Engineering is Not Applied Science
Wednesday, May 18, 2011By Steven H. VanderLeest
There are 10 kinds of people in the world: those that understand binary and those that do not. We can also divide the world into lumpers and splitters: those that try to find similarities between concepts and clump them into a larger category and those that try to identify distinct characteristics in order to divide a category into sub-categories. We see this in academics, politics, art, and more. Today I’m going to be a splitter.
Though perhaps the most important of the tools an engineer uses, science is not the sole basis of technology development. Science is simply one of several tools that an engineer uses in creatively developing new products and processes to solve real-world problems. Engineers are not (solely) applied scientists because they use science. Else we would also claim that scientists are applied mathematicians because they use math, that teachers are applied chalk artists because they use chalk, that biologists are applied chemists (who themselves are applied physicists).
Engineering has is own body of knowledge that is distinct from the natural sciences. The know-how of creative problem-solving under constraint, the insights of dealing with trade-offs, the wisdom to develop intuitive user interfaces, the ability to identify failure scenarios – these are all concepts that are peculiar to the work of an engineer, combining math, natural sciences, social sciences, artistry, and ingenuity.
One of the greatest writers of classic Science Fiction, Isaac Asimov, was also a reasonably good scientist who wrote a fair amount of science non-fiction, that is, popular accounts of scientific principles that lay persons could understand. Asimov noted that “The most exciting phrase to hear in science, the one that heralds new discoveries, is not ‘Eureka!’ (I found it!) but ‘That’s funny…’” He understood that science often did not set out to develop a certain principle, but more typically science proceeded by serendipitous and surprising quandaries that led to new understandings. This points to a key difference between science and engineering. “Scientists study the world as it is, engineers create the world that never has been.” (Theodore von Karman, Hungarian/American Aeronautical Engineer, 1881 – 1963). Science is about discovery, about exploring the world around us and explaining it. While science is focused discovering the world that is, engineering is focused on creating the world that could be. Engineering is about invention and creativity, about developing products that have never existed before. “A scientist can discover a new star but he cannot make one. He would have to ask an engineer to do it for him.” (Gordon L. Glegg)
Although they are distinct, modern science and modern engineering depend intimately on one another. The German philosopher Martin Heidegger that science is applied technology as easily as engineering is applied science: “Instead of describing technology as applied science, Heidegger suggests science is more accurately called theoretical technology.” (Carl Mitcham, Thinking through Technology: The Path between Engineering and Philosophy, Chicago: University of Chicago Press, 1994, p. 52) Most modern science proceeds only with the aid of sophisticated technology. Consider the incredibly complex machines and sophisticated devices necessary to produce new results in the areas of particle physics or genetics. This dependence on technology is not even terribly modern: consider the advances made in astronomy as early technology was developed such as the sundial, sextant, and optical telescope.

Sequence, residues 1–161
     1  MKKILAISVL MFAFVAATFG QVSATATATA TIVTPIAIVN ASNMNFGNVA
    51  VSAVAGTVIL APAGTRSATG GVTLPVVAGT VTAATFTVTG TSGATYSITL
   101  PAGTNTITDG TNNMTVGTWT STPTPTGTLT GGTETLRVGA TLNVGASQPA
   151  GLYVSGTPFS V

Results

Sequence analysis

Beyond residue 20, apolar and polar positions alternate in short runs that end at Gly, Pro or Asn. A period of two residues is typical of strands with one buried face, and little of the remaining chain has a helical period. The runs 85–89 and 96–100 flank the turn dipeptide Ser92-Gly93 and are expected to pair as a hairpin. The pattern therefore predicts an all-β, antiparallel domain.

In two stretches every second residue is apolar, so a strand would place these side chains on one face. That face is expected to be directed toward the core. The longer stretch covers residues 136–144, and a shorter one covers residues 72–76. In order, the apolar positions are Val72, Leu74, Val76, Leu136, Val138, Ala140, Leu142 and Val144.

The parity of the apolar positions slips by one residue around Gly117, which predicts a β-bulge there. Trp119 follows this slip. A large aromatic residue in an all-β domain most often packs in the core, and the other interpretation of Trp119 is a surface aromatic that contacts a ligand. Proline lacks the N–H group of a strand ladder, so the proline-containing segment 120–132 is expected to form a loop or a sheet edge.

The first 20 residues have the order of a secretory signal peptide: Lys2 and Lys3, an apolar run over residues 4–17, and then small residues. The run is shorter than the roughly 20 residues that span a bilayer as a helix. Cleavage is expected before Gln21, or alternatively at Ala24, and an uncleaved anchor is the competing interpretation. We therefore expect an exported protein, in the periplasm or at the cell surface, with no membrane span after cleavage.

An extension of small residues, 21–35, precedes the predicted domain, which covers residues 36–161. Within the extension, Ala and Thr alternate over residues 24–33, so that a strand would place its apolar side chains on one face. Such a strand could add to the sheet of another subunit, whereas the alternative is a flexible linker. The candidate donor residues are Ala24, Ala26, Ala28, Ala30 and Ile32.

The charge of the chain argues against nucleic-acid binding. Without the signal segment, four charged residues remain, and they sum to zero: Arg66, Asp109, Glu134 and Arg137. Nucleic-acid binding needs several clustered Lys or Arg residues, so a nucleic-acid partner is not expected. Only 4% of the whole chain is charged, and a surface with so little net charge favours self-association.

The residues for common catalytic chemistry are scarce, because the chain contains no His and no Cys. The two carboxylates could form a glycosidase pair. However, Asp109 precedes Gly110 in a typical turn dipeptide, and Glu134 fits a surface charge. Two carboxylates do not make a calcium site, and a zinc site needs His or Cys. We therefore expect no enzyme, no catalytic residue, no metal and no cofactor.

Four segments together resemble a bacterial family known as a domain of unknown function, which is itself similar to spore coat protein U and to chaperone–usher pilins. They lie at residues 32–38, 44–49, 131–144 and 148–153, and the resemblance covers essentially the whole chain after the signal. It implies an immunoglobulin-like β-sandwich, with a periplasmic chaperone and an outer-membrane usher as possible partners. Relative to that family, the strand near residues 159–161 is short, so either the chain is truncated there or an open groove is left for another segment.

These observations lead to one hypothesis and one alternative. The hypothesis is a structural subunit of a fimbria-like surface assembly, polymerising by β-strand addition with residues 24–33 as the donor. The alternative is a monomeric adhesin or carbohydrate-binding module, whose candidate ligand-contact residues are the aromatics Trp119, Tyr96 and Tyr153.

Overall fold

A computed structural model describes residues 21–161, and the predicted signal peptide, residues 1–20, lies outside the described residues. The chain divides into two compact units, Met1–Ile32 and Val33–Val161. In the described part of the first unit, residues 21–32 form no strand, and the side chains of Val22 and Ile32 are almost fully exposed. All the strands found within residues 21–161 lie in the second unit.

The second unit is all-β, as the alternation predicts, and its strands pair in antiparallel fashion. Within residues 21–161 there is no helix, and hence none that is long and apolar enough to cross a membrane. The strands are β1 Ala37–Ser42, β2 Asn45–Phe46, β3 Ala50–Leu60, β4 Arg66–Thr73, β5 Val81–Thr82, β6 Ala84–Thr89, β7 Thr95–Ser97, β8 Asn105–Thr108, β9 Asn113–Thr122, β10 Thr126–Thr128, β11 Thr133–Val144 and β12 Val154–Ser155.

Why does it matter? Why should we, particularly people of faith, care whether engineering is a different than science? Let me mention three pairs of reasons. First, this division gives us two ways to worship God. Science, as discovery, helps us to praise the Creator and hold him in awe for the incredible, astonishing, mind-boggling beauty and intricacy of the creation. Engineering, as invention, helps us to unfold the creation further by developing products for service – using the materials of creation to construct and cultivate. Second, this division gives us two ways to understand stewardship. Science helps us focus on care and preservation of the natural world, supporting the role of steward as caretaker. Engineering helps us develop the creation so that humans, animals, and all of creation can flourish, supporting the role of steward as cultivator. Third, this division helps us void two extremes. Society too quickly falls into the trap of putting science or technology on a pedestal, subjugating all other values. Consider the claim “It’s for science!” that justifies any action or sacrifice as if doing something for science needed no further explanation. When science or technology needs no further explanation than itself, it has become an idol. The other extreme is to put objectivity on a pedestal. This objectivity is an important aspect of science, but “Unlike the scientific method, design methodology intentionally incorporates the values of the constituencies.” (Jack C. Swearengen, Beyond Paradise: Technology and the Kingdom of God, Eugene, Oregon: Wipf & Stock, 2007, p.194) That is, objectivity is a useful tool in producing good science, but it is only that – an instrument, a means to an end. Engineering helps us to evaluate science according to broader values so that objectivity is our means, not our master.